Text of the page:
TENNESSEE (WATE) — As fall gets underway and the leaves begin to fall, it’s a good time to remember the rules around burning in East Tennessee.

According to the Tennessee Division of Forestry, debris burning is a primary cause of wildfires every year in the state. The division adds that fire can be an effective tool when used properly however the best intentions can produce disastrous results when safety precautions are not taken. 

Between October 15 to May 15, debris burn permits are required from the Division of Forestry for anyone starting an open-air fire within 500 feet of a forest, grassland, or woodland. According to the state, permits are not needed for burning in containers such as a metal barrel with a ½” mesh screen cover.

Those who wish to burn within a city are advised to contact city authorities about any local burning ordinances. This is because many towns and cities have their own burning regulations that supersede the Division of Forestry.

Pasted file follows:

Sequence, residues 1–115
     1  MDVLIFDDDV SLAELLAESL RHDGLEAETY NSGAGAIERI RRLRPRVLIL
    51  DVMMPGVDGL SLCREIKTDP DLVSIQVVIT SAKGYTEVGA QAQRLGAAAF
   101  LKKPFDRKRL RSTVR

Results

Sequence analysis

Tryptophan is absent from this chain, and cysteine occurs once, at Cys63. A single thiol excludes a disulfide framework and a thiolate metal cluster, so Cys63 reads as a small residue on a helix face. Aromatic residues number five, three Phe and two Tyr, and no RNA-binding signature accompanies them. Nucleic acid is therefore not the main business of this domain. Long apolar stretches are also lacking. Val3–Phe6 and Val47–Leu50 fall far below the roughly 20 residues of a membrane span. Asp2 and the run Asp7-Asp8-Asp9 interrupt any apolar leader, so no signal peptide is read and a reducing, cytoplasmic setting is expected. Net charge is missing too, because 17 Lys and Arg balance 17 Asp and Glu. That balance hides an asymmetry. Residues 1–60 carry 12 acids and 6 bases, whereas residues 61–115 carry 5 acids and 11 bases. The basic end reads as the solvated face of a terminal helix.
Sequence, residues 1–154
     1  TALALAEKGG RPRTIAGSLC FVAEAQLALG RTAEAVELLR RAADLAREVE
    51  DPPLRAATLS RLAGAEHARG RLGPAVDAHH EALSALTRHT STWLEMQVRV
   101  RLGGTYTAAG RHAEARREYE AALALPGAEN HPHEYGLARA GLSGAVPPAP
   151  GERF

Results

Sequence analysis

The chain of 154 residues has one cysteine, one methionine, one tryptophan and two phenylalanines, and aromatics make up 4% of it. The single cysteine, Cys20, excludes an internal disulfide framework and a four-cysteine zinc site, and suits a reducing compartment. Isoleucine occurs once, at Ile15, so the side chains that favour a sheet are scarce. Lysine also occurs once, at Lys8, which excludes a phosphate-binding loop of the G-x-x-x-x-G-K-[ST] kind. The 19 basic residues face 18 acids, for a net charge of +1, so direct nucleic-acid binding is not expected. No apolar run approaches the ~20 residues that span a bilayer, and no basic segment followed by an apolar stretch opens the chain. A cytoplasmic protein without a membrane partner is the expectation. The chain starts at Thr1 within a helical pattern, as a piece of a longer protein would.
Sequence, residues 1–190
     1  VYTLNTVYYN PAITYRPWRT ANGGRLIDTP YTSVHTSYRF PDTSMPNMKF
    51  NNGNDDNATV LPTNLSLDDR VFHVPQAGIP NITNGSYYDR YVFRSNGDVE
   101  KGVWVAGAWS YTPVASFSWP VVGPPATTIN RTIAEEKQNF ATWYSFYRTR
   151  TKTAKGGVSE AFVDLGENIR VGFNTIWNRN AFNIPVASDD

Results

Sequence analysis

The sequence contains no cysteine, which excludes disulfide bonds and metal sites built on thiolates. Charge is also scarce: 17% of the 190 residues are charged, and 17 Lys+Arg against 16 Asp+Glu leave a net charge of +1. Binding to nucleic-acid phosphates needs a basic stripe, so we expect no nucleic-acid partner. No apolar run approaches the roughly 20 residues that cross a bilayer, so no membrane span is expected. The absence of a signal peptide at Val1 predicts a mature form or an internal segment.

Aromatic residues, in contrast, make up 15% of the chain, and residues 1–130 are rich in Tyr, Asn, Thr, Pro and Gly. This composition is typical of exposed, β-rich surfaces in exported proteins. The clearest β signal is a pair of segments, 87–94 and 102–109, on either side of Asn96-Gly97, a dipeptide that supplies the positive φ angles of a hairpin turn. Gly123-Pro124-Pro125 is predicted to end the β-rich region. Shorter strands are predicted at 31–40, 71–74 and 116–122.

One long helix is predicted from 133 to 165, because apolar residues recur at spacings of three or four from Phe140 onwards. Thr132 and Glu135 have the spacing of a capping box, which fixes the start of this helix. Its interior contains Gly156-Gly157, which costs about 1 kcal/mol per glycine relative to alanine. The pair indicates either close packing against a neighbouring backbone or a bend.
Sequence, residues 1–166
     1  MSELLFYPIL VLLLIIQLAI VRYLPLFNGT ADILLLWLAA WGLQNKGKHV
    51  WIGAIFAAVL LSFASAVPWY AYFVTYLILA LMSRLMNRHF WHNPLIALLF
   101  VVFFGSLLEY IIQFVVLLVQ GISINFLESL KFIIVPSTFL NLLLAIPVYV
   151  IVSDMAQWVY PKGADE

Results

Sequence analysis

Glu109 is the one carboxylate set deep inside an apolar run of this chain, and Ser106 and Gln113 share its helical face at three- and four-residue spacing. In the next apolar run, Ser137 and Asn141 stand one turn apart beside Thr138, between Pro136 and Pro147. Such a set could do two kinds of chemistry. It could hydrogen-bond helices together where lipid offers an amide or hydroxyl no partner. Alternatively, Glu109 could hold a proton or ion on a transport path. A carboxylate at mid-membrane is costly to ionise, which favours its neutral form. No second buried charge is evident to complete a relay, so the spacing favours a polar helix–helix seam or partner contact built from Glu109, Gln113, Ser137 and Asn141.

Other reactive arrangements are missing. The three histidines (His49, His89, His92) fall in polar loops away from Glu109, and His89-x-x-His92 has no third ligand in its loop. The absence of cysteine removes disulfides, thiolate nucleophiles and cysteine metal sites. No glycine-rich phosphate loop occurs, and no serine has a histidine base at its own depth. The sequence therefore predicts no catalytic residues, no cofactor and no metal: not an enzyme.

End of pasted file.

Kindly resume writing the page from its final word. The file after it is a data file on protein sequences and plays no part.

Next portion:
The Division of Forestry offers the following tips for safely conducting a debris burn:

  • Check with local authorities to make sure there are no local restrictions on burning currently in place.
  • Notify your fire department and neighbors to let them know of your plans to burn
  • Do not burn on windy days
  • Be aware of the weather conditions
  • Establish wide control lines down to bare mineral soil at least five feet wide around burn piles
  • Keep fire containment equipment on hand during the fire
  • Stay until the fire is completely out.

To get a permit, click here or call 877-350-2876

If you want to burn within the city limits of the following cities, you need to contact their fire department to obtain a permit instead of the Division of Forestry.

The Division of Forestry also has a dashboard showing the current burn bans within the state. The bans apply to all open-air burning including leaf and woody debris and construction burning, campfires, outdoor grills and other fire activity outside of municipalities where additional local ordinances apply. To see the dashboard, click here.

The Division of Forestry also offers some alternatives to burning as some kinds of debris including, leaves, grass and stubble, can be of more value if not burned. Composting can produce valuable matter that can be used to enrich the soil. It can also help extend the useful life of landfills. In addition, tree branches, trunks, and brush can sometimes be chipped up and blown back into the woods or collected and hauled away.